Chemical compounds decompose over time during storage. The rate this takes place is specific to the compound. However, compounds labeled with radioisotopes typically decompose faster than their unlabeled counterparts due to radiolytic decomposition. The shelf-life of a radiochemical compound, the time during which a labeled compound may be used with confidence, is important to the user.
As a general guide, if stored under optimum conditions, H-3 and C-14 labeled compounds will typically decompose at an initial rate of 0.1 – 0.5% per month for the first 6 months. This rate may increase significantly with greater age or if stored in conditions other than those specified in the safety data sheet. Recommended storage conditions are normally included with each order.
|Isotope||Typical Observed Decomposition Rates|
|H-3||1-3% per month|
|C-14||1-3% per year|
|P-32||1-2% per week|
|S-35||2-3% per month|
|I-125||5% per month|
While every radiochemical is shipped with specific storage instructions, here are a few principle guides that will help minimize decomposition.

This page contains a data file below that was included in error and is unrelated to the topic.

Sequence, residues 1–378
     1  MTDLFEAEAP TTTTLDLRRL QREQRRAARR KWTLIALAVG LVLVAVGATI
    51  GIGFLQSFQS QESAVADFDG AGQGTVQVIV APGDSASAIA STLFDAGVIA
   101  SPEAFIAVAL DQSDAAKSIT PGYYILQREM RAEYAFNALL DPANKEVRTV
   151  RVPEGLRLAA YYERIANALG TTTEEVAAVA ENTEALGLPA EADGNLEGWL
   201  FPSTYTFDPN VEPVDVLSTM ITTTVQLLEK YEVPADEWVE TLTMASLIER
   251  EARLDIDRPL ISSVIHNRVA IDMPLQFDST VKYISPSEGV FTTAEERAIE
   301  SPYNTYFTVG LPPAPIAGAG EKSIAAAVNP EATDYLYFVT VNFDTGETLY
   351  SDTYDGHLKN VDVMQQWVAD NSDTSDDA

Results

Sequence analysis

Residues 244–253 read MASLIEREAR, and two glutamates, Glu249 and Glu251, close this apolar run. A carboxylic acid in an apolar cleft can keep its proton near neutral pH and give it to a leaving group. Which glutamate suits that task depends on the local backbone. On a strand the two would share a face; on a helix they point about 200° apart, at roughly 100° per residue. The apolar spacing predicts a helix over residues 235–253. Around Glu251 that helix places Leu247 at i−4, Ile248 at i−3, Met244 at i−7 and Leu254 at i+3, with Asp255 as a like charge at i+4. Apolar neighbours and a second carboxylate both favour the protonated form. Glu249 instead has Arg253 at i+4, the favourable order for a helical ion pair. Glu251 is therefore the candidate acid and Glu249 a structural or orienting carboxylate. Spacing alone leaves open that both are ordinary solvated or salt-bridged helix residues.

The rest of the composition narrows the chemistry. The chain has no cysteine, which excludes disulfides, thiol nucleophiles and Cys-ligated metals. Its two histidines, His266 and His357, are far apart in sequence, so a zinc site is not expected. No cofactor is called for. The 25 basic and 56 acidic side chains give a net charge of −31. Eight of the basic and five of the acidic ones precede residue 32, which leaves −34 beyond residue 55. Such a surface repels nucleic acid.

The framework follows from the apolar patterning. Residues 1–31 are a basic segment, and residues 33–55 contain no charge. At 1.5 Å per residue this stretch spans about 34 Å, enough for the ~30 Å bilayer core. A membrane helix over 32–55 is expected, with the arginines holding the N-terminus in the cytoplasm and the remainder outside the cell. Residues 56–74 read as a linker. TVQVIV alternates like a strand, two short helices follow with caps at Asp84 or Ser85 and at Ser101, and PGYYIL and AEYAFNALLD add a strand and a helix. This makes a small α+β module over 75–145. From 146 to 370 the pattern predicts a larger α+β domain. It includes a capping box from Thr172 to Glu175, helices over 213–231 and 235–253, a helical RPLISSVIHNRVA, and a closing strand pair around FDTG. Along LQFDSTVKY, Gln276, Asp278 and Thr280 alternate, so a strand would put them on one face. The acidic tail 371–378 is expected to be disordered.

- Always consult the Safety Data Sheet that accompanies each radiochemical for the specific storage and handling recommendations for that product.
- Store at the temperature indicated on the Safety Data Sheet.
- Store at the lowest specific activity required for use, a compound at high specific activity will decompose faster due to radiolytic decomposition than at low specific activity.
- Store as solutions – this effectively disperses the labeled molecules, decreasing the effect of radiolytic decomposition.
- If repeated use is anticipated, avoid reopening of vials and warming/cooling cycles. Sub aliquot in a number of vials keeping those to be used later in the refrigerator or freezer until required.
- Store material in the dark and keep protected from the adverse effects of nearby chemicals.
- Do not freeze the solution unless advised to do soon the safety data sheet. If freezing the solution, it should be done rapidly, as a small volume.
- Add free radical scavengers or other stabilizers – when compatible with the use. Adding a free radical scavenger (e.g., 2 – 3% ethanol added to an aqueous solution) can lead to an increased shelf-life.
- Recheck the purity of your radiolabelled products at appropriate intervals. Always measure the purity of a radiolabelled product that has been stored for 6 months or more. Consult the product data sheet for the appropriate analytical method.
- Additional information on managing radiochemical decomposition is available at https://hs.shef.ac.uk/attachments/185.
Sources: Radiation Review – UW-Madison Safety Department 2/2000; Radiochemical Product Information, Komabiotech 2005